The Coronavirus health crisis raises the question of Vladimir Putin’s leadership.
Entrenched in his bunker, the Russian president delegates to the regions, until now neglected, part of the management of the crisis.
In a Russia where the political scene is frozen to the extreme, the pandemic revives a moribund federalism. Never before, under Vladimir Putin, have the regions been put forward so much.
The first compulsory confinement measure was put in place on March 30 by the Moscow City Hall, quickly imitated by all of the 85 subjects of the Federation (oblasts, districts, republics, etc.). Until then, Vladimir Putin had only mentioned an unworked period with undefined contours and implications. On April 2, he ratified this state of affairs and formally took an ukase which left the regions to decide on the terms of confinement.
There is a logic there: Russia is large, and the situation varies from Kaliningrad to Vladivostok. The city of Moscow alone accounts for more than half of the contamination. The problem is that, for the past twenty years, the regions have unlearned to decide.
The vertical of power dear to the Kremlin has precisely consisted in obstructing regional powers and placing them under the exclusive domination of the center. The most significant step was taken in 2004. Taking the pretext of the hostage taking of Beslan (North Ossetia) by Chechen separatists, Mr. Putin suppressed the election of the heads of subjects (administrative entities) of the Federation.
This reform was partially defeated in 2012, but the selection criterion has remained the same: loyalty rather than capacity for initiative. At the same time, financial room for maneuver has been greatly reduced.
In reality, the powers available are sufficient to act in the face of the pandemic, to close schools, businesses … But the technocrats at the helm have the reflex of wanting to satisfy their superiors and, for that, not to report the problems . Illustration of this trend, the mortality rate linked to Covid-19. Very low at the national level, with less than 1%, it is even more so in the regions, where the tests are however less massive than in Moscow and the hospital infrastructures much less efficient.
Another problem, the heads of regional executives have not been given additional powers, as Mr. Putin had promised on April 2, but only more political responsibilities. On May 11, when he began the deconfinement, the president even mentioned the personal responsibility of regional leaders in these two fields which are so difficult to reconcile: the preservation of the health of citizens and the revival of the economy.
That same May 11, by announcing the end of the period not worked at the national level, Vladimir Putin did nothing but give a course, since the initiative of the deconfinement is left to the governors.
The result is twofold: in certain regions, including Moscow, which have already announced the extension of confinement, the presidential announcement has only virtual value; in the others, the leaders are cautious in announcing extensions for only two or three days, hoping to receive clearer instructions.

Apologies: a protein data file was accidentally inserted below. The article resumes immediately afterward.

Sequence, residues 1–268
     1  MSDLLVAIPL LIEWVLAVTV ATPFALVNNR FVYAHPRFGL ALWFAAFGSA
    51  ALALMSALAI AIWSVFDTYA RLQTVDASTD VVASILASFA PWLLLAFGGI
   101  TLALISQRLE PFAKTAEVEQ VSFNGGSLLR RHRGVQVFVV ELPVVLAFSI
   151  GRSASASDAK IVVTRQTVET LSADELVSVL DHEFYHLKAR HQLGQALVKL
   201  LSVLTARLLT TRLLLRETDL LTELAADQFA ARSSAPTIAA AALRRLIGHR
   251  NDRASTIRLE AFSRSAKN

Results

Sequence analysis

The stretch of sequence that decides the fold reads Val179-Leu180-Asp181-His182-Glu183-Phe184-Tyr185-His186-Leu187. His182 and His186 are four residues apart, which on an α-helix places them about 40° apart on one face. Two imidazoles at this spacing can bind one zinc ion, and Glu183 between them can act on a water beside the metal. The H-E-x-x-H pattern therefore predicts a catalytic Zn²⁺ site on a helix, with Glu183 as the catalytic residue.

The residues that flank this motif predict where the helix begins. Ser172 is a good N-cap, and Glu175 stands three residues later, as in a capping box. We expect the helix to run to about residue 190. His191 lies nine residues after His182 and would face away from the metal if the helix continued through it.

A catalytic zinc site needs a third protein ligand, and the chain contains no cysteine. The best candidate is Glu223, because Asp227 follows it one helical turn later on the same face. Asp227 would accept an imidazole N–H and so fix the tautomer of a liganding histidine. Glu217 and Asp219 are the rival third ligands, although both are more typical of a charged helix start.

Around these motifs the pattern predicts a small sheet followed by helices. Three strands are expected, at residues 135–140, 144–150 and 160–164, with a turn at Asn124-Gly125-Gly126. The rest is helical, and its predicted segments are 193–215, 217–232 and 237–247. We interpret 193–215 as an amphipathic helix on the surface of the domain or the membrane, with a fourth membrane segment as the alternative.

By the time Putin says that strategic companies can reopen, it is in reality everywhere already. Those around him may simply not dare to explain the details to him or why his advertisements do not correspond to reality.
Some governors will finally take the step of deconfinement. In a number of regions, the guidance given on May 11 results in an almost immediate decline in the increase in contamination, sometimes so linearly that this dynamic is observed with suspicion.
In addition to the issue of the flow of information and the well-known question of the President’s increasingly marked reluctance to take an interest in the details of current affairs, it is the question of the leadership exercised by Vladimir Putin which is asked.
This federalism put forward is only a facade. It’s a way for Mr. Putin to shirk his responsibilities. Otherwise, he would have given real financial means to the regions to support the economy, buy respirators.
Often, during crises, he does everything not to be associated with difficulties, even if it disappears from the screens.
Observers of Russian power recall a number of precedents, starting with the sinking of the Kursk submarine in 2000, which saw the young president disappear, or the gigantic fires of 2010, during which Mr. Putin blamed the governors for the powerlessness of the state.
Often, during crises, he even does everything not to be associated with difficulties, even if he disappears from the screens. In the case of the Covid-19, this is not entirely true. If he seemed little involved in the beginnings of the crisis, apparently more concerned with carrying out his constitutional reform, the Russians then saw him a lot.
But, with the exception of a single visit to a hospital, where he appeared strapped in a yellow full suit, it is a seated president who runs the country. Entrenched in his bunker, as social networks call it, Mr. Putin conducts long videoconferences broadcast in fake live. Symbolically, the discrepancy is striking with the image of brute force on which the president has traditionally built his image. Its approval rate has dropped to 59% – an enviable score for many Western leaders, but a historic low.
The vertical of power trembles, threatened at its very summit by chaotic conduct. The autocracy accepts the loneliness of the leader over his people, but expects them to be at the forefront, carrying the nation with their courage and vision. The leader loses magnetism and strength when hiding behind the scenes.